Thursday, October 14, 2010

Sandy River Bridge, Troutdale

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This somewhat delayed installment of the long-running bridge project takes us back to Troutdale for another Sandy River bridge. This one carries the Historic Columbia River Highway over the river, and doesn't seem to have an agreed-on name of its own. I've seen "Troutdale Bridge" and "Sandy River Bridge", but there are other bridges in Troutdale, and others over the Sandy outside of Troutdale, so those aren't overly specific names.

The bridge dates back to 1912, making it the oldest extant part of the Gorge Highway. It looks it, too. I think they built it just barely big and strong enough to carry the occasional Model T, but today it gets ginormous luxury RVs towing ginormous luxury SUVs piled high with bikes and kayaks and sailboards and such. I mean, it's not actually falling down as far as I know, but I kind of feel sorry for the poor little thing. Except when I have to drive across it and there's oncoming traffic larger than a Vespa, in which case I'd curse its name if only it had one.

Walking across isn't so bad. There's a separate walkway on the south (upstream) side of the bridge. Granted it's made with extremely old wooden slats, and here and there you get glimpses of the river through gaps in the slats. So that part isn't so fabulous, really. But I've never heard of the slats actually giving way and dumping people into the river, although I suppose there's a first time for everything. In any event, once you're across there's no sidewalk along the Gorge Highway, and you'll need to walk on the shoulder to get anywhere, while avoiding the aforementioned ginormous luxury SUVs, so I don't think the bridge gets much pedestrian use. Bikes maybe, but not pedestrians.

It does, however, attract daredevils who jump into the river from here, on purpose, for fun, although getting back out of the river in once piece (or being found at all) is not exactly guaranteed. I won't spend a lot of time on this point, because a.) I've gone on about it before and already feel like I'm being a tedious scold and a founding member of the anti-fun police for doing so. And b.) I've found that when I write about places that get a lot of newsworthy, untimely demises (High Rocks and the Vista Bridge, for example), sooner or later there's going to be another one. Then the post gets a sudden flood of search hits, and I have to hurry and check it to see if it's reasonably tasteful under the present somber circumstances, which it quite often isn't.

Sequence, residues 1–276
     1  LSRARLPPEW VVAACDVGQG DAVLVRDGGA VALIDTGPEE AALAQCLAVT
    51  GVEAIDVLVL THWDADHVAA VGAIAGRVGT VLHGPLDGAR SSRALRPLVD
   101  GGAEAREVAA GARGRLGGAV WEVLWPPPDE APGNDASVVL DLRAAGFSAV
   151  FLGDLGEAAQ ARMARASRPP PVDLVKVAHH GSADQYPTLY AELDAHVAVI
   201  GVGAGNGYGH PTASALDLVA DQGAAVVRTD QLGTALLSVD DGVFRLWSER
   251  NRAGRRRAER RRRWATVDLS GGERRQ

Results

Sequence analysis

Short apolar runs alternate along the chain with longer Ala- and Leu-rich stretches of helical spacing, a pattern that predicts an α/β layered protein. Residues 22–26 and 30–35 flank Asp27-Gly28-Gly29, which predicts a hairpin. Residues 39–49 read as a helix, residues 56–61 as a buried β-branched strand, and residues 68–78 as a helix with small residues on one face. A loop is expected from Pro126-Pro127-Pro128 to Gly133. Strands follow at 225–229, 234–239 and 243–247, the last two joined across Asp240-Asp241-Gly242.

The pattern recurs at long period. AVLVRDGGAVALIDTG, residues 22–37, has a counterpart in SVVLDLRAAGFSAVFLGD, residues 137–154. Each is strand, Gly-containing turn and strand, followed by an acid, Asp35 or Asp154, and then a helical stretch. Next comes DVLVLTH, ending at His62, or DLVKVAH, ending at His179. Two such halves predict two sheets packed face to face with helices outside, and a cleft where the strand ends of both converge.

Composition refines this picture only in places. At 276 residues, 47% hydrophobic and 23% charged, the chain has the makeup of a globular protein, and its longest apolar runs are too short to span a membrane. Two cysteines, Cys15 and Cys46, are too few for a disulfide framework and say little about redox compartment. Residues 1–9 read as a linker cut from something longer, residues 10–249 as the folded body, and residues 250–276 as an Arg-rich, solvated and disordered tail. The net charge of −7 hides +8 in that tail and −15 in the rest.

Info about the bridge, from sources spanning the interwebs:
  • Structurae
  • Bridgehunter
  • has an extensive history page about the bridge. It notes that the bridge was considered to be obsolete (and far too narrow) as early as 1930, and the bride deck system was replaced in the 1950s. Which I read as saying it's not really that special and historic, and could be replaced if money was available. They could always move it somewhere else, and/or turn it into a bike-only bridge, if people are really that attached to the thing.
  • Two Waymarking pages
  • City of Troutdale
  • A moody Holga photo
  • Wikimedia images
  • Via Google Books, the April 4, 1912 issue of Municipal Journal and Engineer, with a line indicating Multnomah County was asking for bids on the project at that time. The line just above it, incidentally, is for the famous and historic Colorado St. Bridge over Arroyo Seco, Pasadena, California.
  • Via the Washington State University library, a set of vintage photos (not online, sadly) with a reference to an "Auto Club Bridge" in Troutdale. Which may be a historical name for this bridge. Or it's some other bridge near Troutdale, past or present, in which case never mind.
  • Intel's code names for upcoming products and technologies borrow heavily from Oregon geography. For example, the microarchitecture used in many of their current CPU lines is called "Nehalem", and its successor is codenamed "Sandy Bridge". But like everyone else, they don't specify which Sandy bridge they have in mind.

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